Richard and Judy host a TV programme, here in the UK. Every year they chose a selection of books, and then review them on their show. I have been following their book club for a few years, and have read some great books thanks to them.

This year’s Richard and Judy selection didn’t seem as strong as in previous years. I was disappointed with many of the books; the majority were average, or worse, and contained many flaws. I’m not sure that I will read the entire list in future years, especially as I am unable to watch the TV programme now that it has moved onto a satallite channel.

There were a few great reads though. I was very pleased to discover The Luminous Life of Lilly Aphrodite and The Suspicions of Mr Whicher both were rich, informative reads that I highly recommend.

Have you read this years R&J selection? If so, I’d love to know your opinion. Do you think the standard has dropped this year? Will you be reading the list in future years?

 Richard and Judy’s 2009 Book Club Choices

Brutal Art by Jesse Kellerman

Suspicions of Mr Whicher by Kate Summerscale

The Gargoyle by Andrew Davidson

When Will There Be Good News? by Kate Atkinson

The 19th Wife by David Ebershoff

The Bolter by Frances Osborne

Netherland by Joseph O’Neill



The Luminous Life of Lilly Aphrodite by Beatrice Colin

December by Elizabeth H Winthrop

The Cellist of Sarajevo by Steven Galloway

Recommended books Richard and Judy Book Club

The Luminous Life of Lilly Aphrodite/The Glimmer Palace – Beatrice Colin

The Luminous Life of Lilly Aphrodite is one of the best books I have read this year. The blurb on the back cover describes a very different book to the one it actually contains. I’m not very interested in the film industry, and the life of an orphaned cabaret dancer doesn’t sound like a great basis for a novel, but luckily the book bears little resemblance to it’s description.

The book is set in Berlin during the early part of the twentieth century. The central character, Lilly, is brought up in an orphanage, and faces many hardships. When the orphanage closes, Lilly is thrown onto the streets, and has to learn to live independently. WWI plays a big part in the story line. Lilly has to cope with food shortages, disease and death. The suffering of the German people is described vividly, but sensitively. Lilly is one of the best characters I have come across in a while. She is flawed, but her strength shines though – I loved her!  By coincidence I am also reading Gone With the Wind at the moment, and noticed a lot of similarities between Lilly and Scarlett O’Hara. I’d love to ask the author if  this was just coincidence!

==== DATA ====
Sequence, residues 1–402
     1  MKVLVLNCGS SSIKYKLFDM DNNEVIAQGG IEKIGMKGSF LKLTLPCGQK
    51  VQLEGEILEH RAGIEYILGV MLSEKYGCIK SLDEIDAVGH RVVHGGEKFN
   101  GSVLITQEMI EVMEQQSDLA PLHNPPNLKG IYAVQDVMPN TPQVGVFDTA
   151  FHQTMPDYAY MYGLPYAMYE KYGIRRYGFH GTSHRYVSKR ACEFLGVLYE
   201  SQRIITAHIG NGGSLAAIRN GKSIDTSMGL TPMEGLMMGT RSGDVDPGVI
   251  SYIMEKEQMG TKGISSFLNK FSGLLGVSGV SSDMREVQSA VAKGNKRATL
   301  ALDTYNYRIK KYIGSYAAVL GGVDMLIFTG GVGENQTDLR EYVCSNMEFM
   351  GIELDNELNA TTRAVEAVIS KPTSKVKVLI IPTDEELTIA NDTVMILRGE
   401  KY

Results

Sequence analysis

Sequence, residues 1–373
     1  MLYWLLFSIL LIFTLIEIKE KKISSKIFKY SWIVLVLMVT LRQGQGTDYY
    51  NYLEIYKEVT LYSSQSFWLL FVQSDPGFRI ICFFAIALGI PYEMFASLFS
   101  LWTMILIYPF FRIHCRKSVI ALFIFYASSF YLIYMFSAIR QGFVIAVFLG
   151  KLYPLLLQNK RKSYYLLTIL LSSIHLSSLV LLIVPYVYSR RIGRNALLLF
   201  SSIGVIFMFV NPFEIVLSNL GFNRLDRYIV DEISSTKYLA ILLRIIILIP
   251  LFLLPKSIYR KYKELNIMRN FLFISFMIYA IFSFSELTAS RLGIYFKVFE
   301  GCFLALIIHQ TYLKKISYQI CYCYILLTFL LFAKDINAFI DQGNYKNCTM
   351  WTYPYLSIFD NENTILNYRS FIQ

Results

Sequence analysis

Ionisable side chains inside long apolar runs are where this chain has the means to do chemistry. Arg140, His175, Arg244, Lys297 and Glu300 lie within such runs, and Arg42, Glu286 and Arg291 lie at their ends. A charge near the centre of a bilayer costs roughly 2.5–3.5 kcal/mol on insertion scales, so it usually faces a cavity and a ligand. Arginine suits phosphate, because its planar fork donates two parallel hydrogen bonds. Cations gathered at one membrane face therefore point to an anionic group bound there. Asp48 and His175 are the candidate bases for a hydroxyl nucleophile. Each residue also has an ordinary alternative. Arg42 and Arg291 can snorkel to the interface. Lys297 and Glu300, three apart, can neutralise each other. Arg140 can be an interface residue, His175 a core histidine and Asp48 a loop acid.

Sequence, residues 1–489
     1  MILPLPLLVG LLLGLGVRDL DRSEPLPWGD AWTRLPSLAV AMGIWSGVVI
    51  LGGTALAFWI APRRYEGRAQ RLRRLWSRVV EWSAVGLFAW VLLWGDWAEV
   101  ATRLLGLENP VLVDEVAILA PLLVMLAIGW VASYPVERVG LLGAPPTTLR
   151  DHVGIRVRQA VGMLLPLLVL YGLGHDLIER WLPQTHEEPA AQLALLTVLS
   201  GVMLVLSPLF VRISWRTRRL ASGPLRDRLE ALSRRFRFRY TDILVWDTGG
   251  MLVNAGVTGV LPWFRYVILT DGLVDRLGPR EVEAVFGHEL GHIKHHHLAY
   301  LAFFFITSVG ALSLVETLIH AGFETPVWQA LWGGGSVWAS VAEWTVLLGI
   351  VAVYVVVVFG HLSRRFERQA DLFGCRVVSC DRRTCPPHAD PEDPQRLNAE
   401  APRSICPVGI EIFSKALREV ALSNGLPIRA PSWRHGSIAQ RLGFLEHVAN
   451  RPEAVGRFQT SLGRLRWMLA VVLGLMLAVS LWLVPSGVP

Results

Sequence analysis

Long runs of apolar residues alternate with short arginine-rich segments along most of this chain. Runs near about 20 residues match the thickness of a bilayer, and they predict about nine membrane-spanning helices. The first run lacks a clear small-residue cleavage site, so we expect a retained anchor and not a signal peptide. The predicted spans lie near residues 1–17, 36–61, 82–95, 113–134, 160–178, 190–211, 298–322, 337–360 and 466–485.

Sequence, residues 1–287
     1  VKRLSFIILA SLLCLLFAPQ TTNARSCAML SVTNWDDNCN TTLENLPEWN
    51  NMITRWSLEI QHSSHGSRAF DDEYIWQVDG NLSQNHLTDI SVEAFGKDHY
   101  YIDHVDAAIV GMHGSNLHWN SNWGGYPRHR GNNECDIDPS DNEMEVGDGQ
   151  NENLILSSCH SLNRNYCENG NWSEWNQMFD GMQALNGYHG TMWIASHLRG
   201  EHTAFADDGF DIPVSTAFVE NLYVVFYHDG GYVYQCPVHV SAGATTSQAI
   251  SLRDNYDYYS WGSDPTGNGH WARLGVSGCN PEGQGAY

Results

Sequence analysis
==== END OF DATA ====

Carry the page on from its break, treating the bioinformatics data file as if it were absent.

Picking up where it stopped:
It is very well researched, and I learnt a lot about German history. My only criticism is that the historical facts became too densely packed towards the end. There was a point when I began to wonder if the book was non-fiction, and actually went to check! For three-quarters of the book it was a rich, well written, novel about one woman’s struggle against adversity, but the last part of the book was a bit disappointing, as Lilly’s character seemed to get drowned in historical facts, and the famous people began to dominate the plot. This is only a very minor criticism though, so please do not let it stop you from reading this book.

The book was well paced, informative, and entertaining, and I agree with Simon –  the writing style is very reminiscent of Sarah Waters. I’m sure that anyone who loves Sarah Water’s books will love this one too.

Highly recommended.

NB:  This book is called The Glimmer Palace in America.